July 6, 2005
Gizmodo has an interesting blog post about the so-called death of the movies.
“The Taipei Times — and the rest of the world — is bemoaning the death of the movie business. People stay at home, get Netflix, drink a beer or six, and watch Godzilla vs. Mothra for hours at a clip. No one goes to the movies anymore. Hundreds of ushers are out of work every day. Popcorn machines are idle. The movies themselves, of late, are dreck.
I think the real key is that people don’t like to go to movie theaters. As a result, new movies get seen at home, where it’s a bit harder to track box office receipts. I suspect that any movie that comes out now will get 30% of it’s receipts from the theaters. The rest comes from everything else: DVDs, rentals, TV, etc. We have so much to watch that we don’t want to go anywhere. We need to stay at home just to catch up, and we catch up long after the movie hits, and fades from, the theatre."
June 21, 2005
According to this story from Yahoo News, the long-discussed merger between AMC Theatres and Loews Cineplex is about to become official.
What this means in terms of theatre divestment or zones with competing AMC and Loews properties (the AMC Empire 25 and Loews 42nd Street E-Walk in Times Square and the 600 N. Michigan, Esquire, and AMC River East 21 sites in Chicago, among other examples) remains to be seen.
May 25, 2005
The Associated Press takes an interesting look at the history of the megaplex…
While it seems as if gigantic movie theaters have been with us forever, the megaplex theater — defined as having 14 or more screens and modern amenities like stadium-style seating — turned 10 years old last week.
AMC Entertainment opened the first, the Grand 24 in Dallas, on May 19, 1995, ushering in a concept that used its scale to change how movies are shown. Ticket prices and audience expectations have gone up in the 10 years since, and megaplexes now face problems of their own.
The idea was to match the successful “big-box” stores sprouting across suburbia, said Peter Brown, chief executive officer of Kansas Citybased AMC, which now operates 229 theaters, 77 percent of which are megaplexes.
Pretty interesting read. There’s more at the East Valley Tribune website.
May 23, 2005
CANADA — A recent story in the Globe and Mail reported that Cineplex Galaxy movie theatre chain is considering buying its biggest competitor – Famous Players.
If the sale takers place and is approved by the Canadian government’s Competition Bureau, Cineplex-Galaxy would own slightly more than 70 percent of Canada’s movie screens.
The story also includes a hint of what to expect in the future when you buy your ticket. According to the head of Cineplex-Galaxy, there will be about 20 minutes of ads and promo’s projected digitally before the lights go out for the main feature. This is seen as a way to keep the price of tickets down.
May 20, 2005
PROVO, UT — This just crossed BusinessWire — The Sundance Group has just announced new plans for an art house circuit:
“The Utah-based Sundance Group announced today that it is going forward with long held plans for a Sundance Cinemas movie theatre circuit. The new venture brings together Robert Redford’s Sundance brand, a recognized name in independent film, with the seasoned specialized theatre management team of Paul Richardson and Bert Manzari. Investment funds managed by Oaktree Capital Management are financing the new company.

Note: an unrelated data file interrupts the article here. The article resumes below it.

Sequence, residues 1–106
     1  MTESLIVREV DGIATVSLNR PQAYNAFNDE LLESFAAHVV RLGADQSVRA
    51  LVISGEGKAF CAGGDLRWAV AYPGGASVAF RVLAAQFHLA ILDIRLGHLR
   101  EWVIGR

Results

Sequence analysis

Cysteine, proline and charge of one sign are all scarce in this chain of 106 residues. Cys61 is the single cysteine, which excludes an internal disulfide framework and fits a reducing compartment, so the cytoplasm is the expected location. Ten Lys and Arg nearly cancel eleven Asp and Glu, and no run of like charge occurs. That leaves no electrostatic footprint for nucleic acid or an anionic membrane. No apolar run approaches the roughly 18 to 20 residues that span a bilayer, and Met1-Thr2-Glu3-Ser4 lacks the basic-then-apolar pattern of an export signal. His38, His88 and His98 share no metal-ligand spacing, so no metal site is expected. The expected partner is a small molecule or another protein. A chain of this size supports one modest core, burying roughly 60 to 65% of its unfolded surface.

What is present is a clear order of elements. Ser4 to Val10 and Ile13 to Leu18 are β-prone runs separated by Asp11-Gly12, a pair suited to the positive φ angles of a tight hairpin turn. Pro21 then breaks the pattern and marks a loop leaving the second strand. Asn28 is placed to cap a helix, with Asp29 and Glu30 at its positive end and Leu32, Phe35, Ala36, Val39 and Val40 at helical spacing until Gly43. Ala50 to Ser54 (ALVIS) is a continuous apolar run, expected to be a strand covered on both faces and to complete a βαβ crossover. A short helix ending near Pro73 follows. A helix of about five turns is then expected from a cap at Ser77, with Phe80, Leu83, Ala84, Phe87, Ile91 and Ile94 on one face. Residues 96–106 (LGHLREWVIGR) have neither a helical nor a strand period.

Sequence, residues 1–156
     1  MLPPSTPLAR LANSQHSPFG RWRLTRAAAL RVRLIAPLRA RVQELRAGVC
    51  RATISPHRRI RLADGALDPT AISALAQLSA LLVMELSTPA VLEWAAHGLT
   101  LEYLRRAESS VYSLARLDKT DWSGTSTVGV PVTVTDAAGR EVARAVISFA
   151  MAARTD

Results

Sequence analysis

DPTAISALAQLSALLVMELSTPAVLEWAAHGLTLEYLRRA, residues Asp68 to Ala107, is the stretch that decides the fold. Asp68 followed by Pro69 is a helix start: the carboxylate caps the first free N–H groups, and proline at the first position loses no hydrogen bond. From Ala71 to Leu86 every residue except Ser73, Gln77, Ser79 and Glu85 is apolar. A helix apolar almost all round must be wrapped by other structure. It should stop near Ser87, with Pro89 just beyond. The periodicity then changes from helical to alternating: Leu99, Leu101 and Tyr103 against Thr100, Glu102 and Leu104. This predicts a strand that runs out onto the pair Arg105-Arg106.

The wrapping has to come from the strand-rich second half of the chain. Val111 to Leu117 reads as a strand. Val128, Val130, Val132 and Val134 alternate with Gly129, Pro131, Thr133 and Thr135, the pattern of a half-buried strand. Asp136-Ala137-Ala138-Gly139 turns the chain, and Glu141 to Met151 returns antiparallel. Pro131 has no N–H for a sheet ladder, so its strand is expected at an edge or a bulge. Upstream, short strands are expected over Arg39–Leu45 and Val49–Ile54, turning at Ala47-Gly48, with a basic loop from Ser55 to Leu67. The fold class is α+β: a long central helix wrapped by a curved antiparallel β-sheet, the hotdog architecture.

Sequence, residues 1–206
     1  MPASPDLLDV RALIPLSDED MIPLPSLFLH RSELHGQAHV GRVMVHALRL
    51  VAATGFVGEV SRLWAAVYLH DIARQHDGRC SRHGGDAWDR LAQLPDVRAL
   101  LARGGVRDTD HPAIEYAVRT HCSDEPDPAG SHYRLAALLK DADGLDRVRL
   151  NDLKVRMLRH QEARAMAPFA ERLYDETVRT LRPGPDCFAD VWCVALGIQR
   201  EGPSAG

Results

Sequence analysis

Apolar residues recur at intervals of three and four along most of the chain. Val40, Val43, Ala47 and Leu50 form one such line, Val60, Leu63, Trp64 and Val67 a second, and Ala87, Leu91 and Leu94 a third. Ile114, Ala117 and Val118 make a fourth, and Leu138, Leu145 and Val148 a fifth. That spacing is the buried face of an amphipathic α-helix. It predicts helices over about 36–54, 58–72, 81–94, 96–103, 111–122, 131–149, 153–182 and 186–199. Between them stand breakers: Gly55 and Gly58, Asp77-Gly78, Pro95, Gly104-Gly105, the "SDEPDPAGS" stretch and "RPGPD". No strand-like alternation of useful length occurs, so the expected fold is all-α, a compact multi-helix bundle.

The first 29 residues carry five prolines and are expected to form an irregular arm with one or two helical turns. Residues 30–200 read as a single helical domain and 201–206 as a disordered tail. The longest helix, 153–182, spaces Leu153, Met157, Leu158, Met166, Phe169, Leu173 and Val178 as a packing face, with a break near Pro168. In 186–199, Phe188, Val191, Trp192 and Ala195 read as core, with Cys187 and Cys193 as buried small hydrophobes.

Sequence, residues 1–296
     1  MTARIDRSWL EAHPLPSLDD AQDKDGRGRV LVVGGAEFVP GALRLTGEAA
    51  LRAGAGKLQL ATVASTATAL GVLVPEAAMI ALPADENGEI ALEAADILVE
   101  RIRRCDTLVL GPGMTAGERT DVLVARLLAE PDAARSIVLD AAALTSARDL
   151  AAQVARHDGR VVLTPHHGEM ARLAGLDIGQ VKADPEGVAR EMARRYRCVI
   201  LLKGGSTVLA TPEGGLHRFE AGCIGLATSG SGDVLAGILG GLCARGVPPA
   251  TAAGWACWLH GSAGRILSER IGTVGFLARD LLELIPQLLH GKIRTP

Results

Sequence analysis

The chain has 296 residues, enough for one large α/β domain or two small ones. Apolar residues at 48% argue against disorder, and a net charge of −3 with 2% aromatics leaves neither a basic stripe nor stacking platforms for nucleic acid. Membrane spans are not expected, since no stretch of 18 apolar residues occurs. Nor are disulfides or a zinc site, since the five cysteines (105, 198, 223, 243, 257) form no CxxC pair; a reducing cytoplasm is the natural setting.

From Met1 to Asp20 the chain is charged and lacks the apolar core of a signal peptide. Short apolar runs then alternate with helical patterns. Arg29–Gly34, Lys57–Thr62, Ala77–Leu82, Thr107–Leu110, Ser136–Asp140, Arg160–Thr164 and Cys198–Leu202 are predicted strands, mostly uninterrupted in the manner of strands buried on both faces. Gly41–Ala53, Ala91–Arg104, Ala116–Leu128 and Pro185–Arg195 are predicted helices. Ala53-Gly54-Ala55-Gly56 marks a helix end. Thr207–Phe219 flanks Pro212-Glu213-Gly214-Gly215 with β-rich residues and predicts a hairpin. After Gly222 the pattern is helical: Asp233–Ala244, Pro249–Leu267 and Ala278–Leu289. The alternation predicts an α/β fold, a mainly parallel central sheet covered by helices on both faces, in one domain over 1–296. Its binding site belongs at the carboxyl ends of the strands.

Richardson will serve as President and CEO, with Manzari taking the reins as President of Film and Marketing. The Cinemas will strive to incorporate the best in independent, documentary, and foreign language film, as well as quality studio films, and original programming, which will include shorts, filmmaker interviews, forums, and other value added features.
May 4, 2005
According to this article,) from the New York Times, Loews Theatres' newspaper and web-based advertisements will soon begin making note that their feature presentations begin 10 to 15 minutes after the show time actually given.
So, now, people who don’t want to watch advertisements will know exactly when they’ll be able to arrive and not find a very good seat. ;)
April 22, 2005
The following was sent in by “focus”:
“Performing Art Centers Of Indiana, LLC. was established to work with historical theatre owners and communities, to restore classical downtown theatres into state of the art performing art centers.
‘Restoration of a historical theatre is an important contribution to the theatre culture of each community they serve,’ said Mr. Monde President of the company, ‘but the success of the theatre goes beyond the restoration phase.’
April 21, 2005
NEW YORK, NY — The travails, quirks, and general trend of luxury, reserved seating—from a New York City perspective—via this recent New York Times article).
March 28, 2005
SCARSDALE, NY — Theater architect Henry George Greene, who designed more than 80 live and movie theaters during the 1960’s and 70’s, died earlier this month at the age of 93.
Greene worked for ABC during its theater operating days as a consulting architect and may be most famous for designing the original Cine Capri in Phoenix—still mourned by moviegoers across the state.
For information, read the New York Times obituary.
March 17, 2005
I’m David Balaban, Grandson of David Balaban, director of theater operations for Balaban and Katz until 1949. I’m writing a book entitled, “ The Chicago Movie Palaces of Balaban and Katz” The book will be published in December of 2005. It will contain hundreds of pictures of Balaban and Katz theaters, people and never before seen documents about the unique company that my family operated. If you have a Balaban and Katz memory or picture, please email it to me for possible inclusion in the book. Thanks!